paganism Roman Empire - - - - 350 C.E. Bokenkotter, Thomas. A Concise History of the Catholic Church. Garden City, NY: Doubleday & Co. (1977), pg. 68. "This pro-Christian imperial policy, as we have seen, began with Constantine, who favored the Christians and only tolerated paganism, hoping to see it die a natural death. His three sons, however, who succeeded him at his death in 337, took a more resolute stance. This was especially true of Constantius, who was left sole ruler in 350. He aimed at the total extirpation of paganism; he ordered the temples closed and imposed the death penalty for participating in sacrifices. Some pagans managed to carry on their worship at the great shrines in Heliopolis, Rome, and Alexandria, but they were caught in a tight squeeze. "
Parthians Roman Empire - - - - -40 B.C.E. Cavendish, Richard (ed.). Man, Myth & Magic: An Illustrated Encyclopedia of the Supernatural (vol. 16). New York: Marshall Cavendish Corp. (1970), pg. 2143. "The crushing defeat inflicted by the Parthians on the Roman army at Carrhae in 53 BC alerted the Roman Republic to the powerful enemy on the eastern frontier of their Empire. The mounted archers, with their 'Parthian shots,' now became familiar figures in Wetern literature. In 40 BC the Parthians actually invaded the Roman provinces of Asia Minor and Syria, capturing Jerusalem among other places. Though forced to withdraw, for another two centuries they remained a constant threat to Rome's empire in the east. "
Platonism/Neo-Platonism Roman Empire - - - - 244 C.E. Walker, Williston. A History of the Christian Church (3rd ed., revised by Robert T. Handy; 1st ed. 1918). New York: Charles Scribner's Sons (1970), pg. 98. "Two other forces of importance arose in the religious world. The first was Neo-Platonism. Founded in Alexandria by Ammonius Saccus (?-c. 245), its real developer was Plotinus (205-270), who settled in Rome about 244... Neo-Platonism was a pantheistic, mystical interpretation of Platonic thoughts. God is simple, absolute existence, all perfect, from whom the lower existences come. He is the One, above the duality implied in thought... Neo-Platonism was much to influence Christian theology, notably that of Augustine. Its founders were not conspicuously organizers, however, and it remained a way of thinking for the relatively few rather than an inclusive association of many. "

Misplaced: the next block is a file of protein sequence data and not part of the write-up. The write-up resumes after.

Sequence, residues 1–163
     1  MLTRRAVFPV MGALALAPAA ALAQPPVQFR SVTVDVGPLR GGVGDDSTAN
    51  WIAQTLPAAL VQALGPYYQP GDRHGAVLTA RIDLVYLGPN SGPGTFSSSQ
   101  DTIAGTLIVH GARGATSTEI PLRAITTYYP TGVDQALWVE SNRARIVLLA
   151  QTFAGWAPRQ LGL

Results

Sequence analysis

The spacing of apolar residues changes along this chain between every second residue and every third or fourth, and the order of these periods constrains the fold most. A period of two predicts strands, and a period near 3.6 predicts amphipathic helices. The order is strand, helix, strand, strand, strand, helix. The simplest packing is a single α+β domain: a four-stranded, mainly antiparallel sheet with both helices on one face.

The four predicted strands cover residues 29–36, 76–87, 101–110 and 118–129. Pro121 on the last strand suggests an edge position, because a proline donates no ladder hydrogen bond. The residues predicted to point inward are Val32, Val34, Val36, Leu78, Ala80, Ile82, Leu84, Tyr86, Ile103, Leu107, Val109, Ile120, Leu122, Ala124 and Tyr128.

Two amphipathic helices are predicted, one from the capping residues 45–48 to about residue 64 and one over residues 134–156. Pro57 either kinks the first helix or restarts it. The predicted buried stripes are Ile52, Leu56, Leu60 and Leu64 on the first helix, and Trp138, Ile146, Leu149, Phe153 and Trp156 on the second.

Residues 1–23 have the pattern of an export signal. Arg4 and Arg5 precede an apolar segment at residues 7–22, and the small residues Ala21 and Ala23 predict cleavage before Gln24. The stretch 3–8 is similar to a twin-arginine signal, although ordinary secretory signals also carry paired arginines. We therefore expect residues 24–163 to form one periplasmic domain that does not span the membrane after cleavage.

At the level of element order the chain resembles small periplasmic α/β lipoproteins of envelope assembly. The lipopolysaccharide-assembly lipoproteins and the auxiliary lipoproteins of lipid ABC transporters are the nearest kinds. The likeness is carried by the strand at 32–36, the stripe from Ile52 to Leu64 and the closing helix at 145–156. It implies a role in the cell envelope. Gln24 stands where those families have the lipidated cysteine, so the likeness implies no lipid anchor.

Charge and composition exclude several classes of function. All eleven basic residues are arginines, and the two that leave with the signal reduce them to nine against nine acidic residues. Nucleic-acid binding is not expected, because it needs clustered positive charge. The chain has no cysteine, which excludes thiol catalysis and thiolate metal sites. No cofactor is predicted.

Platonism/Neo-Platonism Roman Empire - - - - 529 C.E. Cavendish, Richard (ed.). Man, Myth & Magic: An Illustrated Encyclopedia of the Supernatural (vol. 14). New York: Marshall Cavendish Corp. (1970), pg. 1966. "Neoplatonism. The religious philosophy which modern scholars call Neoplatonism is the final stage in the long development of the revived Platonism of the Roman Imperial period. It was a very long development. After a period of scepticism, Antiochus of Ascalon revived dogmatic, positive philosophical teaching in Plato's school at Athens, the Academy, in the 1st century BC. Later Platonism continued as a distinct philosophy, taught by its own pagan professors, till well after the official closing of the pagan schools at Athens by Justinian in 529 AD and therefore had a history of over 600 years... "
Sibyl Roman Empire - - - - 405 C.E. *LINK* Hexham, Irving. Concise Dictionary of Religion. Carol Stream, USA: InterVarsity Press (1994). (v. online 6 Oct. 1999) "SIBYLLINE ORACLES: a collection of PROPHECIES not to be confused with the PSEUDO-SIBYLLINE ORACLES. They were supposedly made by a PROPHETESS called Sibyl, and eventually gathered together in Rome where they were consulted in times of crisis, until their destruction in 405. "